The 30-year fixed-rate mortgage (FRM) averaged 3.04%, another decrease this past week, according to Freddie Mac, which Thursday released the results of its Primary Mortgage Market Survey (PMMS).
“Mortgage rates took another dip this week as the 30-year fixed-rate mortgage decreased by almost ten basis points, week over week,” said Sam Khater, Freddie Mac’s Chief Economist. “The economy is improving on the demand side and on the supply side, a variety of goods and materials remain scarce. As a result of this imbalance, pricing pressures are building and causing inflation to rise. Despite the pause in mortgage rates recently, we expect them to increase modestly for the remainder of this year.”
The Chief Economist for Realtor.com, Danielle Hale, says markets seem to agree with the Federal Reserve’s expectation that the recent rise in inflation will be temporary, and, she adds, "that means investors aren’t demanding higher rates to compensate."
"Additionally, the Fed continues to give forward guidance indicating that there will be plenty of monetary support in the near term," she said. "These factors plus the potential for a slower pace of vaccination resulting from a recommended pause in the use of one of the three COVID-19 vaccines authorized for emergency use in the U.S. have disrupted the steady climb in mortgage rates we’ve seen through most of 2021."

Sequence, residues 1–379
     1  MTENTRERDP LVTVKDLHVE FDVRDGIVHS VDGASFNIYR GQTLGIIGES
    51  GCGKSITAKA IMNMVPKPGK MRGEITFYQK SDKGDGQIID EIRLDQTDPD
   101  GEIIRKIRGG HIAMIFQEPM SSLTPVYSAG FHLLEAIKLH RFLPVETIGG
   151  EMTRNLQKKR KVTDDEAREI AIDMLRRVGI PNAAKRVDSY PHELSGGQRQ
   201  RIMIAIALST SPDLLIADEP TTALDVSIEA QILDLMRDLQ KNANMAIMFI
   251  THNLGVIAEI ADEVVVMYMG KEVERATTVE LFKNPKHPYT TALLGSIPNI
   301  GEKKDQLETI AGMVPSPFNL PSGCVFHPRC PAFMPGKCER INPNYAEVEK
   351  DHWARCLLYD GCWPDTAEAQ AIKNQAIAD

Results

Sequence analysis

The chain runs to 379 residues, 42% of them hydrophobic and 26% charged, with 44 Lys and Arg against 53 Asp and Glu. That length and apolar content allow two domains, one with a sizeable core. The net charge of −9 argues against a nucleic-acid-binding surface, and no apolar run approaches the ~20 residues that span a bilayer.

While this is welcome news for homebuyers already grappling with low supply and double-digit price gains, Hale says, "the break could be temporary with the upward trend resuming as the outlook for the economy brightens."
Fortunately, Hale concluded, seasonal trends are lining up to bring some relief.
"In fact, our weekly data show that new sellers this week were up 36% compared to a year ago," Hale said. "This won’t solve the inventory crunch overnight, but it’s a big step in the right direction, and one we’re likely to see more of in the weeks ahead as we approach the best time of the year to sell a home."
The data analysts at ATTOM Data Solutions weighed in with more intel about what the again-declining rates might mean for refinancing.
"Today’s rate pushes the number of high-quality refinance candidates back up to just above 13 million, for an aggregate potential monthly savings of $3.68 billion. That’s roughly an increase of about 2 million from just last week," according to ATTOM.
Black Knight defines refinance candidates as 30-year mortgage holders with a maximum 80% loan-to-value ratio and credit scores of 720 or higher, who could shave at least 0.75% off their current first lien rate by refinancing.